(d) The much ballyhooed white working-class Obama-to-Trump voter.

Three of those four groups were swing-voter targets for Democrats, not turn-out targets.

And who did the New York Times poll show as supporting Biden against Trump, but not Warren and Sanders? It wasn’t the Obama-to-Trump voters. It was the human scum.

Mr. Biden holds the edge among both registered voters and likely voters, and even among those who cast a ballot in 2016. He has a lead of 55 percent to 22 percent among voters who say they supported minor-party candidates like Gary Johnson and Jill Stein, and among those who say they voted but left the 2016 presidential race blank. It comes on top of a slight shift—just two points in Mr. Biden’s favor—among those who say they voted for either Mrs. Clinton or Mr. Trump.

Welcome Evan McMullin and Gary Johnson voters! You are the differentiators!

There’s more:

An analysis of the 205 respondents from the six core battleground states who support Mr. Biden but not Ms. Warren suggests that she might struggle to win many of them over… [They] are relatively well educated and disproportionately reside in precincts that flipped from Mitt Romney in 2012 to Mrs. Clinton four years later. They oppose single-payer health care or free college, and they support the Republicans’ 2017 tax law. They are not natural Democratic voters: 41 percent consider themselves conservative; 20 percent say they’re Republican; 33 percent supported Mr. Trump or Mr. Johnson in 2016.

Conservative. Pro tax-cut. Living in suburban Romney-to-Clinton precincts. These are your classic Never Trumpers—and it certainly is not the voter profile being targeted by either the Democratic primary candidates nor the president.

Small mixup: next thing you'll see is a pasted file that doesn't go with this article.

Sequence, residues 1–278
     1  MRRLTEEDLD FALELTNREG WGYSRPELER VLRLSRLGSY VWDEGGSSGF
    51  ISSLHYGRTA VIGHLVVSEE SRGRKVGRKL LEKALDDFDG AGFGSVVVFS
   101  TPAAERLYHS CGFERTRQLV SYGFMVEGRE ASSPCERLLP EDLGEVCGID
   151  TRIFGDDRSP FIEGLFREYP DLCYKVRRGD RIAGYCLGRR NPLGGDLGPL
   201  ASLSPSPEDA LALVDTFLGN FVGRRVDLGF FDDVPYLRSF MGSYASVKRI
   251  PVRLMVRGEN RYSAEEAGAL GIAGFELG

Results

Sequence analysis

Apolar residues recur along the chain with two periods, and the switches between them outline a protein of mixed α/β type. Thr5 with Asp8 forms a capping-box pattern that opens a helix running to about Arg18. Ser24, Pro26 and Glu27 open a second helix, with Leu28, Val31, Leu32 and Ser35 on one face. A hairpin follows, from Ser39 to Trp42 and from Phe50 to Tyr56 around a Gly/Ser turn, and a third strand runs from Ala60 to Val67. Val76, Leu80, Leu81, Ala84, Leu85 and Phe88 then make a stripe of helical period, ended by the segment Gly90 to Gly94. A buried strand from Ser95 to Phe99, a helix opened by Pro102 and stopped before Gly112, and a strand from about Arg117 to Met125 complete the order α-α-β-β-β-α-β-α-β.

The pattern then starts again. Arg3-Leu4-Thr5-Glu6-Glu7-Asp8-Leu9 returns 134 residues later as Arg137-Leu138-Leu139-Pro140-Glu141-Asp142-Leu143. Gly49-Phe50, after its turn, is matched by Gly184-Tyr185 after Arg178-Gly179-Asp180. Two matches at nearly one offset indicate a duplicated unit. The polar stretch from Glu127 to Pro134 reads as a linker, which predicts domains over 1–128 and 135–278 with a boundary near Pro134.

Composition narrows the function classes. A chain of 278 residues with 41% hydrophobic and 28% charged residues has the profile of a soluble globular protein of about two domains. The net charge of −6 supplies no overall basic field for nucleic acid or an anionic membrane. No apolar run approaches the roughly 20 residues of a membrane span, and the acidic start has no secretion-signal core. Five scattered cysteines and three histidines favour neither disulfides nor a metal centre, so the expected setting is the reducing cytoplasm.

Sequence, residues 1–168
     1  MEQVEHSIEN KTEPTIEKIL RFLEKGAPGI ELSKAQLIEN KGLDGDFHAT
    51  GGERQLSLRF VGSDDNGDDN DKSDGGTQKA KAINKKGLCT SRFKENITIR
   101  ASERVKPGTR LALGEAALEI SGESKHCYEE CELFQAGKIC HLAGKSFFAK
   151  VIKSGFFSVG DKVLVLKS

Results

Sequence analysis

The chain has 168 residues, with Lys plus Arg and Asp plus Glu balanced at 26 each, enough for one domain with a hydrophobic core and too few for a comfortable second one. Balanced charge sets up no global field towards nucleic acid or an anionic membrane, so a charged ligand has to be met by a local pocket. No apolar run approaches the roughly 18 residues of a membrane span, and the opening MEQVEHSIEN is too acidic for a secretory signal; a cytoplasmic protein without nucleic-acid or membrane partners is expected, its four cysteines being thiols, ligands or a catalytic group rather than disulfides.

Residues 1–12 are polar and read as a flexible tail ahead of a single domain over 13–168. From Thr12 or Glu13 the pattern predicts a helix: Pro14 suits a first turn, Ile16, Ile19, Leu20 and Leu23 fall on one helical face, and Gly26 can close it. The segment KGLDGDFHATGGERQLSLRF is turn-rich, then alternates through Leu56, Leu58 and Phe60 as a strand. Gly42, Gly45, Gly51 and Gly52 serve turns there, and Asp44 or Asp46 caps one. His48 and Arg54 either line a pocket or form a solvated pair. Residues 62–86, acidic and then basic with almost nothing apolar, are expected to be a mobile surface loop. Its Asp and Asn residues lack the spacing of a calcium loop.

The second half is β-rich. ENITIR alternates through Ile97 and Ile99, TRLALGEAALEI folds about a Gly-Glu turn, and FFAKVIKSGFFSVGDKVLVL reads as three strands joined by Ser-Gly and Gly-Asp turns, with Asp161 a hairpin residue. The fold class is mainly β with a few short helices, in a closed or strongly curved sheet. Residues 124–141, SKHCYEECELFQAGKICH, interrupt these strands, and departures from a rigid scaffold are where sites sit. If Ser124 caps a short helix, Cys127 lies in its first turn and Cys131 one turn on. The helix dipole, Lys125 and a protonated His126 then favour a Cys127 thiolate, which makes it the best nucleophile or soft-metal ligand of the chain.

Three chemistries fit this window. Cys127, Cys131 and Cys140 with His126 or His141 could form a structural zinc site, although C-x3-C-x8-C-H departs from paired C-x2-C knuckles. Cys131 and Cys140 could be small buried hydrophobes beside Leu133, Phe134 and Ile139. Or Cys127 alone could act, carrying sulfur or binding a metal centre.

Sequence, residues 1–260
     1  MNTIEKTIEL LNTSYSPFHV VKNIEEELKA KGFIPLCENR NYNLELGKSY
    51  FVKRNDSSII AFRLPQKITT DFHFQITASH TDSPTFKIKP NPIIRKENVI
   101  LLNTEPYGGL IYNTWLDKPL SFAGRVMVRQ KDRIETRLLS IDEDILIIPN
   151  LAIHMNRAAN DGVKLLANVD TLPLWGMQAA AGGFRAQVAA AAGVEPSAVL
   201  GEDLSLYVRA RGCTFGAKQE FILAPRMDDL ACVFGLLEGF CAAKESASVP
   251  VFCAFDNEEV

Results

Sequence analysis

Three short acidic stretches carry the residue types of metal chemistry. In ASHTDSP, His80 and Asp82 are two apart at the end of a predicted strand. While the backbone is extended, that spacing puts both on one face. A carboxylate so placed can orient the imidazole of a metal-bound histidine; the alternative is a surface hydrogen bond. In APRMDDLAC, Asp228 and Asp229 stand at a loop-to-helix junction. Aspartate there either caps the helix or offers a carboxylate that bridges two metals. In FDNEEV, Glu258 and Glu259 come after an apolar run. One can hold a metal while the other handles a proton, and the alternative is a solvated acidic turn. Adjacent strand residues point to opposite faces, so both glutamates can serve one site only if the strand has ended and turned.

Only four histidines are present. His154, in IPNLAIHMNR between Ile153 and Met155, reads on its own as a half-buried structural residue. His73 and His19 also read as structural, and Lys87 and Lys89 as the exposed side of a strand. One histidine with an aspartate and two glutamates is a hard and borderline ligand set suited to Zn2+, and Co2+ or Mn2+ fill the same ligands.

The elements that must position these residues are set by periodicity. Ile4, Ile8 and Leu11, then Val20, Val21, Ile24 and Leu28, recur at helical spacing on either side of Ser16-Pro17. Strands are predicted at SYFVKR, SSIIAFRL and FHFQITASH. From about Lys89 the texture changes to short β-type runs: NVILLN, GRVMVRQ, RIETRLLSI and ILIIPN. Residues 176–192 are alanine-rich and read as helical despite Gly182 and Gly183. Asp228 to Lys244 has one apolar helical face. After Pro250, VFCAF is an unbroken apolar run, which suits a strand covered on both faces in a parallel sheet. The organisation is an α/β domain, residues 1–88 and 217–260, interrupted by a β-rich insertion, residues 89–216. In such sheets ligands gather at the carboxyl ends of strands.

The state-by-state crosstabs confirm this analysis. In Wisconsin, Biden does a net 5 points better than Warren in the crucial Milwaukee suburbs. Warren and Sanders both outperform him among voters with less education, but Biden gains with college and post-grad white voters.

Overall across the six states, Biden does no better than Sanders/Warren among the non-college whites who have dominated the conversation about the last election, while he runs up the score among college-educated white voters and voters of color. Harry Enten notes that this trend isn’t just in the Times poll. A recent CNN poll shows a big gap between the candidates among non-Democrats who might support one of them in a general election.

So while there is no reason to believe that the election next year will turn out exactly the same as one November 2019 NYT/Siena poll, it does show the political power and saliency of a group that is often dismissed and not currently being catered to by either party.

When it comes to the 2020 general election, as Jon Ralston would say: To all you Human Scum, #WeMatter.

It would seem to depend, as I posted here yesterday, whether the #NeverTrump voters think what Trump does is more important than what Trump says.